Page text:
The Diagnosis of Delirium Superimposed on Dementia: An Emerging Challenge

Alessandro Morandi, Daniel Davis, Giuseppe Bellelli, Rakesh C. Arora, Gideon A. Caplan, Barbara Kamholz, Ann Kolanowski, Donna Marie Fick, Stefan Kreisel, Alasdair MacLullich, David Meagher, Karen Neufeld, Pratik P. Pandharipande, Sarah Richardson, Arjen J C Slooter, John P. Taylor, Christine Thomas, Zoë Tieges, Andrew Teodorczuk, Philippe VoyerJames L. Rudolph

Research output: Contribution to journalReview article

64 Scopus citations

Abstract

Delirium occurring in patients with dementia is referred to as delirium superimposed on dementia (DSD). People who are older with dementia and who are institutionalized are at increased risk of developing delirium when hospitalized. In addition, their prior cognitive impairment makes detecting their delirium a challenge. The Diagnostic and Statistical Manual of Mental Disorders, Fifth Edition and the International Statistical Classification of Diseases and Related Health Problems, 10th Revision are considered the standard reference for the diagnosis of delirium and include criteria of impairments in cognitive processes such as attention, additional cognitive disturbances, or altered level of arousal. The Diagnostic and Statistical Manual of Mental Disorders, Fifth Edition and the International Statistical Classification of Diseases and Related Health Problems, 10th Revision does not provide guidance regarding specific tests for assessment of the cognitive process impaired in delirium. Importantly, the assessment or inclusion of preexisting cognitive impairment is also not addressed by these standards. The challenge of DSD gets more complex as types of dementia, particularly dementia with Lewy bodies, which has features of both delirium and dementia, are considered. The objective of this article is to critically review key elements for the diagnosis of DSD, including the challenge of neuropsychological assessment in patients with dementia and the influence of particular tests used to diagnose DSD. To address the challenges of DSD diagnosis, we present a framework for guiding the focus of future research efforts to develop a reliable reference standard to diagnose DSD. A key feature of a reliable reference standard will improve the ability to clinically diagnose DSD in facility-based patients and research studies.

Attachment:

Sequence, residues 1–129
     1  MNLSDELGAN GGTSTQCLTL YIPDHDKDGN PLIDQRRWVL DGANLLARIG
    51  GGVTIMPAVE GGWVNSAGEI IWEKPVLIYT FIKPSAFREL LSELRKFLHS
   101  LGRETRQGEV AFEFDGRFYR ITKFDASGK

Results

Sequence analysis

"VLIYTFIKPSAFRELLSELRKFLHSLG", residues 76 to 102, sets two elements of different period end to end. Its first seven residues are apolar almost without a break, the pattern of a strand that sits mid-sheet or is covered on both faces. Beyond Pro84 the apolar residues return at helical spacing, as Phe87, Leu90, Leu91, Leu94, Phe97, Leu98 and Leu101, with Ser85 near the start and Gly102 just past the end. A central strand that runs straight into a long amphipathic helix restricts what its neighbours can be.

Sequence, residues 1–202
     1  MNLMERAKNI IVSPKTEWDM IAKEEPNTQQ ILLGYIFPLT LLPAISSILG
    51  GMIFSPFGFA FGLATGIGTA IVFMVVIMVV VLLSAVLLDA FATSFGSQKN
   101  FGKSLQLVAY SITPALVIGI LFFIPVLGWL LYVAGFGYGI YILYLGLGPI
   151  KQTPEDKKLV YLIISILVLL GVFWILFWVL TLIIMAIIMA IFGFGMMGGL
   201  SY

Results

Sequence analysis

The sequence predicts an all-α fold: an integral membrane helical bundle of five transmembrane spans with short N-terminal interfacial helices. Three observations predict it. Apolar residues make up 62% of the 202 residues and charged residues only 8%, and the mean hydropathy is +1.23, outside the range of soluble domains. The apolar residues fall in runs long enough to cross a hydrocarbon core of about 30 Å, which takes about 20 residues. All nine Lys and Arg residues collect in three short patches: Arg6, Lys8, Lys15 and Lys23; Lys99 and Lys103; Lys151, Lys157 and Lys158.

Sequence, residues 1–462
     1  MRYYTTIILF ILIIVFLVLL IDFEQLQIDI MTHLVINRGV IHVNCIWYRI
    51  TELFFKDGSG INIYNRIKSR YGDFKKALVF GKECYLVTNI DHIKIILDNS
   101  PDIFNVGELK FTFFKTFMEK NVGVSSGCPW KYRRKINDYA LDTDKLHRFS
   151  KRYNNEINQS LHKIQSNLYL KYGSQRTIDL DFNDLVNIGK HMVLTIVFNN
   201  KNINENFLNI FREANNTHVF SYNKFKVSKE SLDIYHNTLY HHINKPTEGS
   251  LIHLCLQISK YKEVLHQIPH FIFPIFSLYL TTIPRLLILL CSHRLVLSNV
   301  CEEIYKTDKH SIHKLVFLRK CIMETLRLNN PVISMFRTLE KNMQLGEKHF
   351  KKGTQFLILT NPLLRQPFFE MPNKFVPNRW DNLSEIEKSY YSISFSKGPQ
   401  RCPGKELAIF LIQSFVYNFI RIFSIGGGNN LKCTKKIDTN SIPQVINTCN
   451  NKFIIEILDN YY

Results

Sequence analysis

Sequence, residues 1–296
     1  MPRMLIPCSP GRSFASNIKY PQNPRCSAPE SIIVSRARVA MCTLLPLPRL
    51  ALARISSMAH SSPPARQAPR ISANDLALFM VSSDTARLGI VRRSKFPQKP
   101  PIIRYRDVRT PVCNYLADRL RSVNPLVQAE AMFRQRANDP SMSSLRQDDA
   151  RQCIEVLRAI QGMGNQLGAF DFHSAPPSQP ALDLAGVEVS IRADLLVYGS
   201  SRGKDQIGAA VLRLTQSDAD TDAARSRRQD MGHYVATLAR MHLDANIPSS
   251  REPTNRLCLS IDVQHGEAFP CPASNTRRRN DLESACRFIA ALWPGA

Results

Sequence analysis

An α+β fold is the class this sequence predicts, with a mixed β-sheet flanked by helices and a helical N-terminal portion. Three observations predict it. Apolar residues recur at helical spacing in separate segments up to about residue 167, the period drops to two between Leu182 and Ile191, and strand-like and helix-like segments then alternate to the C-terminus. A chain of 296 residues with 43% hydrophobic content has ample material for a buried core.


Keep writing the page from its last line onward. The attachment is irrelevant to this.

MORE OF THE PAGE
Original languageEnglish (US)
Pages (from-to)12-18
Number of pages7
JournalJournal of the American Medical Directors Association
Volume18
Issue number1
DOIs
StatePublished - Jan 1 2017

All Science Journal Classification (ASJC) codes

  • Nursing(all)
  • Health Policy
  • Geriatrics and Gerontology

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